Foreword by Garrison Keillor Preface to the Revised Edition Preface to the First Edition Introduction
Excerpt from page xvii.
Sheep are an ideal animal for the small grower. They thrive on care yet will utilize hilly, rocky land that other animals disdain. Given fencing to prevent their wandering away, and protection from predators, sheep will take care of themselves provided enough grazing, browsing, and water are available. A flock fo sheep will turn a brushy, weedy pasture into a place that resembles a well-groomed park. Their wool coat gives them such protection from the elements that they seldom require shelter, even in conditions that would be fatal to other animals
A ewe births and raises on eor more cudly lambs each year that grow up to be sturdy young sheep ready for market in four to six months. The ewe and her lambs provide a clipping of wool each year that can be sold or spun into yarn for garments. Indeed, many of today's small sheep flocks were started because the shepherd wanted some wool for spinning, and many a fiber artist finds that raising sheep is at least as interesting as spinning and weaving. Some of them become shepherds of large commercial flocks, as Teresa and I did.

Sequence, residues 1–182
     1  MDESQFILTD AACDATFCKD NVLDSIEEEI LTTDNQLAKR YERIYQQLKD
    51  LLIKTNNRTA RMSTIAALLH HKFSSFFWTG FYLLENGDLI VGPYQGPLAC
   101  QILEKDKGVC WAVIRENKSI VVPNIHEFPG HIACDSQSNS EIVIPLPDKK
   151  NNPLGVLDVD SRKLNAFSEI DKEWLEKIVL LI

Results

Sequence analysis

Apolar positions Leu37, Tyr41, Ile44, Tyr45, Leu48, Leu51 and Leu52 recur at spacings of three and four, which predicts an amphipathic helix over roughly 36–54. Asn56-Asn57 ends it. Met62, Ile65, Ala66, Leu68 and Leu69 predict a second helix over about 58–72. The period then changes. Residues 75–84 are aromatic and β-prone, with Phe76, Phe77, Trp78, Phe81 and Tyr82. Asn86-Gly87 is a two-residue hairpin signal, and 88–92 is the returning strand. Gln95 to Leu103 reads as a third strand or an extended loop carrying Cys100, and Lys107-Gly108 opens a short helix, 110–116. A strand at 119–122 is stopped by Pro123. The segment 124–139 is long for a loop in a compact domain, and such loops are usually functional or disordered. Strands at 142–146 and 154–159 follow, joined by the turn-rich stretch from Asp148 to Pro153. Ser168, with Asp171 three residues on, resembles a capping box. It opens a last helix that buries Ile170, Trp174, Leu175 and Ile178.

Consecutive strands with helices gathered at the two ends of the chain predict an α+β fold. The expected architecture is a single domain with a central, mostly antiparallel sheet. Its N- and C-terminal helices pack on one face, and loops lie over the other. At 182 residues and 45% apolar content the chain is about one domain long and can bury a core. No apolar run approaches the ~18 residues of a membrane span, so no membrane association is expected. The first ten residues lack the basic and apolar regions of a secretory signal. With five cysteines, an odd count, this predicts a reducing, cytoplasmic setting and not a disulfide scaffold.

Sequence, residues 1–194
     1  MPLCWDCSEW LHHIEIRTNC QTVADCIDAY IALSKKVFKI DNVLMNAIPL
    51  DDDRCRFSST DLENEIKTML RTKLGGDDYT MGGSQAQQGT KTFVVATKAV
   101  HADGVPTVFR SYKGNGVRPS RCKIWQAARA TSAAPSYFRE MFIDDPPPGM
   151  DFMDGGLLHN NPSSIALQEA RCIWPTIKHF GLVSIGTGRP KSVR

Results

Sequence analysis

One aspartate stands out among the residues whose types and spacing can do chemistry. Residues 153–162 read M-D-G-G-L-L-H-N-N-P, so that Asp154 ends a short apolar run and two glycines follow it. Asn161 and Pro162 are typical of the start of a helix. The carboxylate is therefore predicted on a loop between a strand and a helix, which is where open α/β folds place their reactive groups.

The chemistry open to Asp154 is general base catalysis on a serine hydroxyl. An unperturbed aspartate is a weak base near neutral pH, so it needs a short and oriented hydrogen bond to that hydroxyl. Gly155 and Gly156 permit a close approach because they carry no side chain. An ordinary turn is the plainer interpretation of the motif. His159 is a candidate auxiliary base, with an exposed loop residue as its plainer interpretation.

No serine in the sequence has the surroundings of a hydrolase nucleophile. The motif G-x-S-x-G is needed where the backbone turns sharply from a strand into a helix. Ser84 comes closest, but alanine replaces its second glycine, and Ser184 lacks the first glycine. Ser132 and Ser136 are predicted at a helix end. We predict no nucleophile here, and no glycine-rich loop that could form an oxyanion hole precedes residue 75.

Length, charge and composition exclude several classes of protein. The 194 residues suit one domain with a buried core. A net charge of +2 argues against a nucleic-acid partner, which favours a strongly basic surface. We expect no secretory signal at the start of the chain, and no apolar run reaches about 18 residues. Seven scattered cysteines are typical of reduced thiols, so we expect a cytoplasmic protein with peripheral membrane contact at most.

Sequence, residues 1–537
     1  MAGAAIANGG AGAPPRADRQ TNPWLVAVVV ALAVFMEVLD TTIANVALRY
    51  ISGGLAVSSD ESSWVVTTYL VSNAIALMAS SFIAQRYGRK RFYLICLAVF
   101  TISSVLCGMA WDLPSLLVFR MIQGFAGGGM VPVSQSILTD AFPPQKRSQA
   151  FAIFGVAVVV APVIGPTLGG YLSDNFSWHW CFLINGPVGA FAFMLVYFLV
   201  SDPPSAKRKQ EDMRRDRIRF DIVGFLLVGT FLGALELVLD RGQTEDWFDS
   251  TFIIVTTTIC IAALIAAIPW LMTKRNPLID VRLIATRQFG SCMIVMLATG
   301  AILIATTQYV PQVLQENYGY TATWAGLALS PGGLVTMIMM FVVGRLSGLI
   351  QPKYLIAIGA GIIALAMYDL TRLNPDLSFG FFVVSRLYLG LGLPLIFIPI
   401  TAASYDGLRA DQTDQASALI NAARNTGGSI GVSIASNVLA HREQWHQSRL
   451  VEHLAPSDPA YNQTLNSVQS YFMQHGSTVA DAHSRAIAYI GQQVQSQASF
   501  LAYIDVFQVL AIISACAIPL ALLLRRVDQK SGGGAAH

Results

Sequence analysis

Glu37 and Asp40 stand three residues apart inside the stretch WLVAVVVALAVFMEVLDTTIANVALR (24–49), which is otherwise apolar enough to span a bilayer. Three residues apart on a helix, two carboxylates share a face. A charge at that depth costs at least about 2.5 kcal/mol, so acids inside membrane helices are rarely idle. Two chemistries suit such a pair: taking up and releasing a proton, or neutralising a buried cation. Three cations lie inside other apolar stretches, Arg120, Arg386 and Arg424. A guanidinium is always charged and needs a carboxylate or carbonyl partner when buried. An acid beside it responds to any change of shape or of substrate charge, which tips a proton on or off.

The new shepherd soon realizes that sheep are not something to be dominated but finds instead that they have a wide range of capabilities that the shepherd must learn. A wise shepherd today adapts lifestyle and schedule to the biological timing and needs of his flock, just as the wise shepherds of ten millennia ago did. The observant herder adjusts his annual work cycle to the natural cycle of the ewe, one that is strongly seasonal compared to that of animals such as swine, cattle, or horses. The sage shepherd becomes the servant of his flock and alters her ways and those of the family to function in a mutually beneficial rhythm according to the ewe's cycle of estrus, gestation, and parturition.